As the Senate turns to a new round of relief spending, this is the time to be both urgent and thoughtful about investing in recovery, capacity, resiliency and growth.

Our government officials are capable of acting quickly. FEMA normally responds immediately to natural disasters like hurricanes and floods. The natural disaster of Covid-19 is no different. The lack of visible damage to buildings does not make the suffering any less real or less urgent. FEMA funds should be used now to reduce food and housing insecurities in The Bronx and elsewhere.

In the first wave of this pandemic, our public and private sector leaders mobilized together to obtain personal protective equipment and medical supplies for our hospitals. Now our elected officials need to address the economic and social upheaval the coronavirus has left in its wake.

To do so, they must first recognize that there is already a humanitarian crisis in our cities. This cannot be ignored any more than the start of a pandemic.

Second, they need to work with the grassroots networks that already exist and have a track record of success: there is no need to reinvent the wheel.

Third, they need to unlock the public funds already committed to the pandemic response, streamlining the process to target the areas with the greatest challenges.

Fourth, they need to expand funding for emergency food aid including SNAP, extend employer tax credits for furloughed employees so they can continue to receive healthcare benefits, and increase investment in federal programs that support childcare and rental assistance.

Finally, these interwoven crises require bold and innovative solutions, such as a national network of new community foundations similar to those in Cleveland, Boston and Seattle.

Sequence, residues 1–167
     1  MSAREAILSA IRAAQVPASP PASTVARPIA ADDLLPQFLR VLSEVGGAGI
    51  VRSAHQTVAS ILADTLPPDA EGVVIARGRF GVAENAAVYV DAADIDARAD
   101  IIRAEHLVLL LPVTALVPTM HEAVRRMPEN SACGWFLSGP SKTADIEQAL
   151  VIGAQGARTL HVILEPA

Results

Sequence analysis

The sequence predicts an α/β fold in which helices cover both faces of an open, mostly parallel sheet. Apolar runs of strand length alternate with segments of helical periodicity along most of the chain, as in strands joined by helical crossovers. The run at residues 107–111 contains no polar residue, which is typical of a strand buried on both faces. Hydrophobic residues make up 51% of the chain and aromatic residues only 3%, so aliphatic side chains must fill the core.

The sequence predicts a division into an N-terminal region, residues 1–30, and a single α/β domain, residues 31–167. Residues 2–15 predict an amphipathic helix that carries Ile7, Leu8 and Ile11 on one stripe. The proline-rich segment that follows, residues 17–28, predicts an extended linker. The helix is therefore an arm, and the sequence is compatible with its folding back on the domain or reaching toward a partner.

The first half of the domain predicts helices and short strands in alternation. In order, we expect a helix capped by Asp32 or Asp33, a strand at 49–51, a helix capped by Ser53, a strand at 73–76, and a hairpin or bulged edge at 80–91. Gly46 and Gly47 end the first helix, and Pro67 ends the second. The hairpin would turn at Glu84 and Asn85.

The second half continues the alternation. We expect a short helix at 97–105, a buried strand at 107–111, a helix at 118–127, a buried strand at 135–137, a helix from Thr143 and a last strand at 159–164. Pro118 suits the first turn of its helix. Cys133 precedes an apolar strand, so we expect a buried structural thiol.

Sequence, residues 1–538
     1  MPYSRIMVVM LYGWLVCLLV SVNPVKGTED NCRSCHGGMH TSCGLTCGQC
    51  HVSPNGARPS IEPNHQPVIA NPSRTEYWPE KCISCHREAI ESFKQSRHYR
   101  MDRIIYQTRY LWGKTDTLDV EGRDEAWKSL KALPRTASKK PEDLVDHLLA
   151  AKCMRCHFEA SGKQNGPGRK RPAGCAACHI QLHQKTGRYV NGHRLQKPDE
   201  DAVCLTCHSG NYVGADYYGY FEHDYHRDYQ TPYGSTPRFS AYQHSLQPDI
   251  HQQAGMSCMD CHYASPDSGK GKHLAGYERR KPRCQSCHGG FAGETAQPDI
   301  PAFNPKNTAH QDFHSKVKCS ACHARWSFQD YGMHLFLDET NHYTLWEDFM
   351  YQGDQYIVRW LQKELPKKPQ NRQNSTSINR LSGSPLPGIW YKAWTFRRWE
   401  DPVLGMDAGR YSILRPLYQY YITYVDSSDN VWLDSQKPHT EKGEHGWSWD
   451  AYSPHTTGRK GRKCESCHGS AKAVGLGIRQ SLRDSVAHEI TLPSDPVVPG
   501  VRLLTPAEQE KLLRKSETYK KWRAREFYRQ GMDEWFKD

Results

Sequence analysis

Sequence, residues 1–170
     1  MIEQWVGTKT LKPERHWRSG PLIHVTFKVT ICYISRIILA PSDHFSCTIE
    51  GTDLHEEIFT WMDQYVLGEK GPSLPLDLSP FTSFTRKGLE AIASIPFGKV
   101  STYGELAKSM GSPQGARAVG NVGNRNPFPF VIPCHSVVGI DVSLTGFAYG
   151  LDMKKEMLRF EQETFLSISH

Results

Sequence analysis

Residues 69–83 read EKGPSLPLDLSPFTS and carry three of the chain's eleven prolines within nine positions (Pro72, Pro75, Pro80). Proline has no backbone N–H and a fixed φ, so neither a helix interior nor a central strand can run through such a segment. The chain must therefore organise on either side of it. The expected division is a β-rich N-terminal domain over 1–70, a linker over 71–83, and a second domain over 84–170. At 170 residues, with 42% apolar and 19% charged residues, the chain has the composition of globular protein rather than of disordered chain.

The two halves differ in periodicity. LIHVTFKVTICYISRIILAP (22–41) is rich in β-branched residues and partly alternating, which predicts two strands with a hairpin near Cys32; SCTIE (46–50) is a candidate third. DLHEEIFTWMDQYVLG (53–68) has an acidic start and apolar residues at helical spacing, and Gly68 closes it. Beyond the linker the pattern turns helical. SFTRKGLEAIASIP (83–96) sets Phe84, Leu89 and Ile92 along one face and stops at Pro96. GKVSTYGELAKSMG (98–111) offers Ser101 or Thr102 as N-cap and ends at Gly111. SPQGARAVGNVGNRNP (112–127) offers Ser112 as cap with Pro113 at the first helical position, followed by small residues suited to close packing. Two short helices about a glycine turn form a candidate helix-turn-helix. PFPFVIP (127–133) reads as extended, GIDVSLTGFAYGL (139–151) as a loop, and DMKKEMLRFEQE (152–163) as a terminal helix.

These foundations support local organizations meeting local needs in comprehensive ways, bringing together public, private and non-profit leaders to cut across traditional political lines and spending programs. A community foundation would be game-changing for The Bronx and communities like it. There should be federal funding to support them.

The bottom line is that you cannot talk about systemic injustice without changing the system.

Our elected officials need to understand how the recent protests connect to decades of inequality that are visible in our death rates, our unemployment rates, and the lines of people waiting for food. And they need to work urgently, together with business and community leaders, to bring about change.

As Martin Luther King Jr warned in Riverside Church, "in this unfolding conundrum of life and history there is such a thing as being too late."

If we are serious about ending injustice, we need to start where our crises overlap. Start with the humanitarian crisis in our cities. Start in communities like The Bronx right now.

There is such a thing as being too late.

Judith K. Dimon and Derrick H. Lewis are founding co-chairs of The Bronx Community Relief Effort.

The views expressed in this article are the author's own.​​​​​